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WHITE OUT
Sub-zero arctic blast strikes US
by Staff Writers
New York (AFP) Jan 06, 2014


A man snow blows on East Concord Street in the South End after a two day winter storm January 4, 2014 in Boston, Massachusetts. The storm began mid day Thursday with heavy snows overnight into Friday bringing with it extreme cold. Photo courtesy AFP.

Millions of people across the United States on Monday braced for a "life-threatening" bitter Arctic blast that could send temperatures plummeting to their coldest in 20 years.

The northeastern United States and parts of Canada have endured heavy snow and deadly sub-zero conditions since the start of the year, but the deep freeze is now moving through much of the country east of the Rocky Mountains.

The wind chill from the rare "polar vortex" could make it feel as cold as -60 Fahrenheit (-51 Celsius) in places, weather forecasters say, prompting authorities to warn residents to stay indoors and stock up on food.

"Cold temperatures and gusty winds associated with an arctic airmass will continue dangerously cold wind chills as far south as Brownsville, Texas [on the border with Mexico] and central Florida," the National Weather Service said.

"This arctic air mass will affect the eastern two-thirds of the country on Monday as a sharp cold front moves towards the East Coast."

Exposed skin could suffer frostbite in as little as five minutes in such conditions, experts warn.

The NWS described the weather as "life-threatening" and "the coldest temperatures in almost two decades."

Combined with wind gusts, the low temperatures in some areas "will result in life-threatening wind-chill values as low as 60 degrees (Fahrenheit) below zero," it said.

Authorities are warning people that they could face issues like cars that won't start and flooded roads that quickly ice over caused by water pipes that freeze and burst.

Thousands of flights out of major airports like Chicago O'Hare International and New York's John F. Kennedy were delayed or canceled Sunday due to weather-related problems.

A Delta passenger airplane skidded into a snowbank at JFK on Sunday. Nobody was hurt, but the plane had to be towed to its gate.

At O'Hare, one of the country's busiest airports, officials said that more than 1,300 flights were canceled.

The states of Minnesota and North Dakota were expected to experience the worst weather.

Minnesota Governor Mark Dayton announced that schools will be closed Monday "to protect all our children from the dangerously cold temperatures."

In Wisconsin, Sunday's National Football League playoff showdown between the Green Bay Packers and the San Francisco 49ers at the open-air Lambeau Field was one of the coldest NFL games in history.

The Packers helped the more than 70,000 football fans at the stadium battle the freeze by handing out free coffee, hot chocolate and hand warmers. Despite fan support, the Packers lost the game to the San Francisco 49rs.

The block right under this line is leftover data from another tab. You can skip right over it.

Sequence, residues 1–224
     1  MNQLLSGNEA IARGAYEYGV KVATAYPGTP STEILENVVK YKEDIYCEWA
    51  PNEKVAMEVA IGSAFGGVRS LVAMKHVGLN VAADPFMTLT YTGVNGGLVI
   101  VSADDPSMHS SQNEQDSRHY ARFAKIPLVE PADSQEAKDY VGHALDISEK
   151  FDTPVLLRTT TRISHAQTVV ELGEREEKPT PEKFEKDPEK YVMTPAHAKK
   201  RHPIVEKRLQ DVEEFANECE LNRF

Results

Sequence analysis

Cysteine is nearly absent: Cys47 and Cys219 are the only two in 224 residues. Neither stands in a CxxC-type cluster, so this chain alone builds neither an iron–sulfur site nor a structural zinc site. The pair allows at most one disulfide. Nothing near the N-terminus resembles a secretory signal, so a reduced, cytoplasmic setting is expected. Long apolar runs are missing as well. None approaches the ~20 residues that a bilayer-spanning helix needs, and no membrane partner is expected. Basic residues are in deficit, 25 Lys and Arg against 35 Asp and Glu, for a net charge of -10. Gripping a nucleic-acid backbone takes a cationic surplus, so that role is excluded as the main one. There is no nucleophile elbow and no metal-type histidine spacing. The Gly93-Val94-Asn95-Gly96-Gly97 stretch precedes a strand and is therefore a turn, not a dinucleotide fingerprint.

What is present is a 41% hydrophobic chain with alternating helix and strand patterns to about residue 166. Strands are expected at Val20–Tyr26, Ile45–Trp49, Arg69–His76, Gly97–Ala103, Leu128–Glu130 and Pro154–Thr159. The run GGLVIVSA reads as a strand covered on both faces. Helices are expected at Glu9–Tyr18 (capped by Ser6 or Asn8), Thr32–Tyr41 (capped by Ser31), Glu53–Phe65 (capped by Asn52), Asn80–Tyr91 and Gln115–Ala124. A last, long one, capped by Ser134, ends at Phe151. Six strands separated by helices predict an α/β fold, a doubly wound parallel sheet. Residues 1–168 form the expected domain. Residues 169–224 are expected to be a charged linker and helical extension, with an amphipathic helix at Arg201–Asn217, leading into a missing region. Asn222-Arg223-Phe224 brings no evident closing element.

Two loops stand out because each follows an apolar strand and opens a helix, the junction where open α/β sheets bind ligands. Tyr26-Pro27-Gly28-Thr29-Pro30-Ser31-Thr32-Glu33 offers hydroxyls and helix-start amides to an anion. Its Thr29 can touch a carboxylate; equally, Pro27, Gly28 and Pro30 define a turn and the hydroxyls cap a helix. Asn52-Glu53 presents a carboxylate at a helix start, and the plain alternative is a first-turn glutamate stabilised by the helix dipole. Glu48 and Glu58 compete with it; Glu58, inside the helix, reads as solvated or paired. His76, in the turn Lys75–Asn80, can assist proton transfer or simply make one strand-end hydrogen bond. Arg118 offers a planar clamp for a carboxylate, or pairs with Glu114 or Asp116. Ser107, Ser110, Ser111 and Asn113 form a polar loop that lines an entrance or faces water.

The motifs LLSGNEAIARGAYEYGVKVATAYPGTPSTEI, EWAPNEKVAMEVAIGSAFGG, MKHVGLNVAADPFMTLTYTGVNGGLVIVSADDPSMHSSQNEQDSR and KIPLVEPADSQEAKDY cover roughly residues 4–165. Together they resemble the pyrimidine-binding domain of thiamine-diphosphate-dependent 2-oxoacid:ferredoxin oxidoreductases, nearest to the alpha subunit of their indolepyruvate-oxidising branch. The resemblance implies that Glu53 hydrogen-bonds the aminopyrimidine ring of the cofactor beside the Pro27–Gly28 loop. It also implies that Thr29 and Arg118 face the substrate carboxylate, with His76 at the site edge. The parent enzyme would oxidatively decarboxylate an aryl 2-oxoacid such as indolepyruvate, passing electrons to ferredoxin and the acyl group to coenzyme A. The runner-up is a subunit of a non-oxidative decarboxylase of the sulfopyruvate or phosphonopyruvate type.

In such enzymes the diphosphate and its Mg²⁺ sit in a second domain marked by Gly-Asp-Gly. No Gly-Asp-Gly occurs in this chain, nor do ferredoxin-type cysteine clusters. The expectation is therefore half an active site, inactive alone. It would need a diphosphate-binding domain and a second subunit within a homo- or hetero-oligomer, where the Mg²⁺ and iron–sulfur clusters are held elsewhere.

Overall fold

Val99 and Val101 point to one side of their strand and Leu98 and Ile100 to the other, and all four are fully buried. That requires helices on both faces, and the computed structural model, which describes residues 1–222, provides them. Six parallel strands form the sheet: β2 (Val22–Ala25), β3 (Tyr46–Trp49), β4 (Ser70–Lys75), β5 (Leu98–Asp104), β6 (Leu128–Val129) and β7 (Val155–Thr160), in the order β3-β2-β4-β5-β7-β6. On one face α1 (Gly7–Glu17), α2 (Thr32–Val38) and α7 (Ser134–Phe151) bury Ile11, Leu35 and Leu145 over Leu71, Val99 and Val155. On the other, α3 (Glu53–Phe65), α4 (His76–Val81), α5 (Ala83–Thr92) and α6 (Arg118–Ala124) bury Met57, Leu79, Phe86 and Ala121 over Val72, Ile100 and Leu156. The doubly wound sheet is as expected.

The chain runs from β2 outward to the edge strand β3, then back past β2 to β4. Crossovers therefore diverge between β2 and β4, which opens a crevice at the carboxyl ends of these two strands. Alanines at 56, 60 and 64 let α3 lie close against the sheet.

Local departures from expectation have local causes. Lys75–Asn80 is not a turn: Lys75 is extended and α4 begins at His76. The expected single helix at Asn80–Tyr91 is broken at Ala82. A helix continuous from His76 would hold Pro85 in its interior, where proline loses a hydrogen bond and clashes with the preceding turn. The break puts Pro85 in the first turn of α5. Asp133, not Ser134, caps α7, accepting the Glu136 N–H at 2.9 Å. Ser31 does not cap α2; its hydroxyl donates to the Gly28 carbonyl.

In Indianapolis, Indiana, Mayor Greg Ballard urged residents to simply stay indoors.

Freezing rain is forecast to hit the south and east, affecting the New England region, New York and Washington, with the extreme weather expected to continue into the early part of the week in many places.

"The heavy snowfall and freezing temperatures have combined to create hazardous conditions in many areas of the state," said Michigan Governor Rick Snyder. "Residents should heed advisories and stay off the roads if at all possible."

Illinois Governor Pat Quinn described the storm as "one for the record books, and we want to make sure everyone stays safe and warm until it passes."

The southern city of Atlanta will likely experience record low temperatures, while in normally balmy Florida, the NWS issued a hard freeze warning for much of the northern part of the state.

The NWS said that across the country "the cold temperatures will remain in place through mid-week before a warming trend begins."

Deaths blamed on the frigid weather include a worker crushed by a 100-foot (30-meter) pile of salt being prepared to treat roads in the Philadelphia area on Friday, and a 71-year-old woman suffering from Alzheimer's disease who froze to death after getting lost in New York state, officials said.

In Colorado, a small passenger plane burst into flames upon landing at a snow-blanketed airport near Aspen on Sunday, though it was unclear if the accident was weather related.

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WHITE OUT
Four die in Swiss Alps avalanches
Geneva (AFP) Jan 05, 2014
Four skiers were killed and another was in a critical condition after a series of avalanches hit the Alps in southern Switzerland Sunday, Swiss media reported. Three of the victims, including a guide, died when a wall of snow bore down on a group of cross-country skiers in the canton of Valais, critically wounding another, public broadcaster RTS reported. A fourth, a 34-year-old Swiss ma ... read more


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